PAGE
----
Working Theater's new drama is both a love letter to the community spirit of Electchester and a cautionary tale about the difficulties of creating community in the face of increased diversity. More…
When two newly married electricians move to Electchester everything seems perfect: spacious apartment, low rent, friendly neighbors, and an incredibly close-knit community. But as they settle in, they discover how much they may need to give up in order to really belong.
'Alternating' Currents is part of Working Theater’s Five Boroughs/One City Initiative, and will be performed in each of the five boroughs. Consult Working Theater's website for a full list of performances and venues.
See it if Union housing in Queens welcomes interracial couple, but proves to be rife with prejudice. Electchester & Pomonok are real communities.
Don't see it if See it if you can. A poignant portrait of insidious prejudice in NYC
See it if THE PLAY WAS A DELIGHT.IT FOCUSED AROUND TWO YOUNG PEOPLE WHO WANT TO BUILD A RELATIONSHIP WITHIN THEIR COMMUNITY.THEN THINGS START TO HAPPE
Don't see it if IF YOU DON'T ENJOY A PLAY ABOUT YOUNG PEOPLE AND THEIR STRUGGES.
See it if You want to see a play about housing in the nyc area and if you want to see select few good actors make bad writing so much more bareable
Don't see it if You don’t have an hour and a half to kill, you find annoying actor/narrators obnoxious like me, can’t ignore weak writing
See it if you’d like to see an honest consideration of the Utopian ideal of cooperation across races & sexes, & the real obstacles standing in its way
Don't see it if the dog-eat-dog world has killed in you any hope that conditions could be materially different than they are now.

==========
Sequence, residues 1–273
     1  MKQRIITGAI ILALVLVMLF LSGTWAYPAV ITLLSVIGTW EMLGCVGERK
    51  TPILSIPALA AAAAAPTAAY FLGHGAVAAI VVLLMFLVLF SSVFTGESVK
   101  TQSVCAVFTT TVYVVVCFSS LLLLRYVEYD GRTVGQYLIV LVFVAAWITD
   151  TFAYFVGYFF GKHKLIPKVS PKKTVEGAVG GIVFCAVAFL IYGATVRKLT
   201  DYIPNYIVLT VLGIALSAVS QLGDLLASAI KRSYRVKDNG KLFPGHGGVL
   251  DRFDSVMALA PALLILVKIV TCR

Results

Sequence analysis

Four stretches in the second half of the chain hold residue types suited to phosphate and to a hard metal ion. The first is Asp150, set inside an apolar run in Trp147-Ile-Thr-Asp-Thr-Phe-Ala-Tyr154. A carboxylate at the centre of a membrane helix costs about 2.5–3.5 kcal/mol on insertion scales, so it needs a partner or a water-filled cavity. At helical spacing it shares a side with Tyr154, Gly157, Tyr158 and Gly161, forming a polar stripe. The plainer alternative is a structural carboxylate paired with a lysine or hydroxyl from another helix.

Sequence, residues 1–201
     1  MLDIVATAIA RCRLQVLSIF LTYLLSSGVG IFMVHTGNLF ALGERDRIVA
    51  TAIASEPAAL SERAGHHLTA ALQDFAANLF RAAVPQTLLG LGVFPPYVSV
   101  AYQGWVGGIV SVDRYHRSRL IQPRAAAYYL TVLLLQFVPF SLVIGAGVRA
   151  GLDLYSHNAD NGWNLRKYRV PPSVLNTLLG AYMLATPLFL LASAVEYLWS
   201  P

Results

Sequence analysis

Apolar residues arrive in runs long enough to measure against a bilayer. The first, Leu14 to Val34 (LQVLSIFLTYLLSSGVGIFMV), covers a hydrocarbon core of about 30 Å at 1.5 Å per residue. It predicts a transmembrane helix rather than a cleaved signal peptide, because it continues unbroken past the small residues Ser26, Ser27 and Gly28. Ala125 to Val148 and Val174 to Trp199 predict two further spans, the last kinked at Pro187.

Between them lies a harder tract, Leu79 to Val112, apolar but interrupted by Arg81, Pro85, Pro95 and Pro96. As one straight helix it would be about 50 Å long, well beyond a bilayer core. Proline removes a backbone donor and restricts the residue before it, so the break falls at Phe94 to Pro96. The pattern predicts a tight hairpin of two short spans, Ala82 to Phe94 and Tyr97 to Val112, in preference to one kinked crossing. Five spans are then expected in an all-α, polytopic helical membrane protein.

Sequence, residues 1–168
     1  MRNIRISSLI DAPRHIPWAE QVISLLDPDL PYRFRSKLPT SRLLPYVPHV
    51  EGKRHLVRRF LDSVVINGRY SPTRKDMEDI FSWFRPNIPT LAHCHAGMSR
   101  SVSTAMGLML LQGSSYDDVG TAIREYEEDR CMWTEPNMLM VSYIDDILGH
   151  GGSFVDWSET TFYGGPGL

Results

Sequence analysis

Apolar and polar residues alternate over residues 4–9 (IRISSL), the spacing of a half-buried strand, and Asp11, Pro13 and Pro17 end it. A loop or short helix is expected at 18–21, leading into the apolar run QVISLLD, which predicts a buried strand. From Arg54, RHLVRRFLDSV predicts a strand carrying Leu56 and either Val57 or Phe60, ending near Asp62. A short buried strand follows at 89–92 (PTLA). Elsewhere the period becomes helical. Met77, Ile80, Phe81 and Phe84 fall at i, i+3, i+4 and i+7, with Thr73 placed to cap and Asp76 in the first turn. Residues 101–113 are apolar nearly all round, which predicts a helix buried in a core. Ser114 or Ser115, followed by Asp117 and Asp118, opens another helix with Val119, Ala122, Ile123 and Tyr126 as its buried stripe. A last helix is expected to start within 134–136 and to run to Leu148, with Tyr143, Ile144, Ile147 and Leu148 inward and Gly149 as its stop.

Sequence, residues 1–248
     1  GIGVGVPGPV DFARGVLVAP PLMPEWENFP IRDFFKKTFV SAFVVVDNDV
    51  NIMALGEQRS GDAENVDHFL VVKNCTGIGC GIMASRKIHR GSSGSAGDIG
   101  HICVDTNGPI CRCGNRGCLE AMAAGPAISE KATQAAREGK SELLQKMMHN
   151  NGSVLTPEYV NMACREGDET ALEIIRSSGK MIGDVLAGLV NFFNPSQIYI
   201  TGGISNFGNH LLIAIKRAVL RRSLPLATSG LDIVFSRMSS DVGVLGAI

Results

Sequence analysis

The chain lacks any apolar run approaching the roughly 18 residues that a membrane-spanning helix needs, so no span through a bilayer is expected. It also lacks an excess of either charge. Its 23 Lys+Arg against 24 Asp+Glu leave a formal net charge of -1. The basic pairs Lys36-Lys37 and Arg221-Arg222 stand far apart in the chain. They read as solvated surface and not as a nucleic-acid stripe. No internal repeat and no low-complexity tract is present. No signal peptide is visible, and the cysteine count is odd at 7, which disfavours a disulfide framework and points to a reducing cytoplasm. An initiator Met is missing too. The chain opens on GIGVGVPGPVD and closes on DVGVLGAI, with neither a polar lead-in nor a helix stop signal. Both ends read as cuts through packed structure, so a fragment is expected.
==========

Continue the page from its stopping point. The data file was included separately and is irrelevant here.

See it if You are interested in the challenges of economic, social, and racial diversity that make it hard for communities to be functional.
Don't see it if You don't like small cast productions in small theaters. You like a more traditionally structured play.
See it if you have opinions on the NYC real estate mkt & the socioeconomic factors of building a secure future, don’t mind think-pieces, know Queens
Don't see it if Not to deter anyone, but if you're unaware of why labor unions rose & fell in influence, key parts of this will seem remote
See it if You want to see an interestingly, well acted, dramatic, well staged and funny play about a real life place in Queens, NY.
Don't see it if You want to miss out on a very good play.
See it if you enjoy farces, clever poetic rhyming and, at times, a very funny script and good acting.
Don't see it if you dislike farces, very confusing plot lines, extreme silliness and stretches of tedium between witty and funny wordsmanship.
See it if You like local story from NY, how the community is created, their interaction with each other, great acting, a relavant story to our day
Don't see it if Small production theatre, with few cast, analyzing community description, lear about how people around us effect our life, relation etc
See it if You either have lived in Electchester or are familiar with this community. The audience for this play is a narrow one.
Don't see it if You are looking for great theater with a clear message and theme. Actors did their best within the confines of a sub par script.
See it if you enjoy plays that make you think while portraying credible characters faced with life-changing decisions.
Don't see it if if serious plays that deal with today's crucial social issues are of no interest to you.
See it if you're interested in a show that reflects some of the issues brought out by the last election, the idea of communal living and utopias.
Don't see it if quirky, semi-autobiographical theater bores you.
See it if Very original, see if you like smaller theaters with terrific scripts and sets, plays about something you may now nothing about
Don't see it if You only like big shows, or musicals.
See it if You enjoy excellent acting
Don't see it if You’re looking for a consistently well written script and a cohesive theme and message.
Also It was sometimes difficult to ascertain the playwright’s message.